I feel like it’s bad juju to have the top post here be one that’s so negative about pregnancy so I am setting out to write something positive about pregnancy before it’s over. A terrifying fact: it will be over soon! I was in denial about this until recently, but now it’s impossible to ignore. Mostly because I am aware of walking around all the time with what is incontrovertibly a baby inside my body — a tiny baby, still, but not so small that it couldn’t, if absolutely necessary, live outside me. Luckily there is almost no chance that the baby will have to do that, but still, a due date is not like other deadlines. You can’t ask a baby for an extension. Even if you could, you probably wouldn’t want to. A lifetime of procrastinating and doing everything at the last minute has prepared me very badly for this situation. I still haven’t purchased one single baby-related item, though many have been given to me. Tiny kimonos and 3 different gently used cosleepers are great but if my baby is born even a little bit early there is a chance I will still not have gotten around to buying, say, diapers.
Jesus, I sound so crazy. My baby my baby my baby. It’s unavoidable, though. I used to think this post was hilarious but now I’m like fuck you Choire, what kind of asshole wouldn’t be in a tailspin of anxiety all the time re: some facet of having a new baby? It’s a FUCKING BABY.
Anyway: back to trying to counterbalance my previous bad attitude about the alienating, identity-obliterating experience of incubating a human. Well, for starters, I have to feel grateful for how relatively easy it has been for me so far. Early on I thought that that pregnancy was going to completely destroy my body and brain and leave me a shell of a human in an outfit I didn’t recognize, but it turns out I was just bloated from water retention and depressed from abstaining from coffee. In reality, as soon as I shelled out for one good pair of maternity jeans (J brand, via Ebay) and the Storq people sent me a Bundle and I started drinking coffee again, everything pretty much went back to normal. It helped when the generalized bloat resolved itself into a localized lump that could be accommodated and accessorized. I can still wear a lot of my regular clothes because I have always avoided clothes with a defined waistline anyway. As an added bonus, the back pain that was also ruining my mental weather in my first trimester mostly went away when I returned to regular yoga practice, taking the fear that the pain would worsen incrementally with every pound I gained with it. My second trimester was actually pretty dreamy. And I got a lot done, too, though not as much writing as I’d hoped. Instead, I launched a new podcast and, with Ruth, raised $40K via Kickstarter to rebuild and otherwise reboot Emily Books. I still feel like a failure for not finishing even a partial draft of a new novel during this time. Sometime around maybe 22 weeks I voiced this goal to my new therapist (who specializes in you’re-a-mom-now) and she said, so tactfully, so delicately, “I don’t really understand how things work in your industry — that seems like it could be a realistic goal, but is it?” And I was like “I’ve done it before!” I guess it was one of those things that I needed to tell myself. I could still make it to my word count goal if I write twice as much as I’ve written up until this point between now and when the baby comes. This seems incompatible with fulfilling the Kickstarter rewards and doing the podcast and buying those diapers (diapers are understood here to be a symbol for like 1000 random things) but you never know.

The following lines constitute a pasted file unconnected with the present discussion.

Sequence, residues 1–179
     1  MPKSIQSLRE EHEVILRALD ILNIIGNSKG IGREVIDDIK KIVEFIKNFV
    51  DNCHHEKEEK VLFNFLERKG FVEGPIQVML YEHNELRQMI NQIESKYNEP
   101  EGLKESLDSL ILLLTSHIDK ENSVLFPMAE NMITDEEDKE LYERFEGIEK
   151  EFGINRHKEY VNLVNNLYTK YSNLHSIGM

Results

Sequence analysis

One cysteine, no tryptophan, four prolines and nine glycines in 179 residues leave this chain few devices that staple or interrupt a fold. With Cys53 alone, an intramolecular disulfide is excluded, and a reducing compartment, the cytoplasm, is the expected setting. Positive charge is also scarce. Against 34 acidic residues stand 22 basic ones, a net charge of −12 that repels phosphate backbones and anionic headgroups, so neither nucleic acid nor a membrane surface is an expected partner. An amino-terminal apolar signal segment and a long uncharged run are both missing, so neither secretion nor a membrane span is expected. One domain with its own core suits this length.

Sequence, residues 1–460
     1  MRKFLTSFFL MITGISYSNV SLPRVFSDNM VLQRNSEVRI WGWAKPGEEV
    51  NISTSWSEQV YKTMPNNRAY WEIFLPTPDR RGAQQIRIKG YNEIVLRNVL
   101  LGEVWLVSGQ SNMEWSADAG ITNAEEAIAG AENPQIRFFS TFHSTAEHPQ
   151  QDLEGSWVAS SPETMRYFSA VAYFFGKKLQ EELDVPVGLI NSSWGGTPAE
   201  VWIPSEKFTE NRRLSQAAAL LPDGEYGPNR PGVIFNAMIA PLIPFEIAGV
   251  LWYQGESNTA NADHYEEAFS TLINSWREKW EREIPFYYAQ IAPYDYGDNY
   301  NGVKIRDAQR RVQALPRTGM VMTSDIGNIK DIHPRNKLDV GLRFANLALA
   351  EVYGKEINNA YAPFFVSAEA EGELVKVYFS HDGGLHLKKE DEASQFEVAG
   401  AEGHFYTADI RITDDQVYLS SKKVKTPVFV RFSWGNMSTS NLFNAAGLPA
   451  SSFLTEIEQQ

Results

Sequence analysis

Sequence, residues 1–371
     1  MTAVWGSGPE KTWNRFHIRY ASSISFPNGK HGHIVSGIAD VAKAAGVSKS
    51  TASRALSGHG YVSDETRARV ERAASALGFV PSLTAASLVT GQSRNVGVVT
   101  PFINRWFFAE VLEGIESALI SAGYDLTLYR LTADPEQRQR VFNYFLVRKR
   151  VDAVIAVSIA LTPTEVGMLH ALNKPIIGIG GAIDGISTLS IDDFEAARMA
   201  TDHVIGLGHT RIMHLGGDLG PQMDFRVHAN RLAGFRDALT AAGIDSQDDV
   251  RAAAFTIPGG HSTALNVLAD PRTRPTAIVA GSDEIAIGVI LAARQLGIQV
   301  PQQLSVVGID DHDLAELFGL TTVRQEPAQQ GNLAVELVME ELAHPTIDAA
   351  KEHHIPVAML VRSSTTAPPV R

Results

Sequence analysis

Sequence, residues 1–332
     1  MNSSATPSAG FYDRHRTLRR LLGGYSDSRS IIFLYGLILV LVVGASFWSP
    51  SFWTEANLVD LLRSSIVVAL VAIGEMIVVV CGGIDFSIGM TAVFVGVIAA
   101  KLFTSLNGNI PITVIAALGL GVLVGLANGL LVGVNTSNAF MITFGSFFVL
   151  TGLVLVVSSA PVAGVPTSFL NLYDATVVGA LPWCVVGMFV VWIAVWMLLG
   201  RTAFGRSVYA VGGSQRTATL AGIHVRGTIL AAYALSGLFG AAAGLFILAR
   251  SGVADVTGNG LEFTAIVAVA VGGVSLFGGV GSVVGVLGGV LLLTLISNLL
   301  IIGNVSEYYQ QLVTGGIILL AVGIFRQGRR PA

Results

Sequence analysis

Most importantly, though, I have a better attitude about, you know, the actual baby. Of course I still feel terrified of the first stretch, which people like to terrify you about. Being in charge of 100% of someone else’s needs around the clock might be someone’s idea of a good time but it is not mine. But the people who are telling me the horror stories of their baby’s first three months on earth tend to be alive and fairly intact, so there’s that. And I do also feel, in a way that was just too abstract to feel before, excited to meet my baby. Like, the idea that he is a person who will exist, who I will soon meet and spend time with, is still insane, but it’s also thrilling. He won’t be other people’s babies, and in some ways will be inferior and defective, just like how I myself am in some ways inferior and defective. But he’ll be mine, so I’ll love him. I know: duh! But it’s all the revelation I have time for today. The library is about to close, and I have to go get something to eat.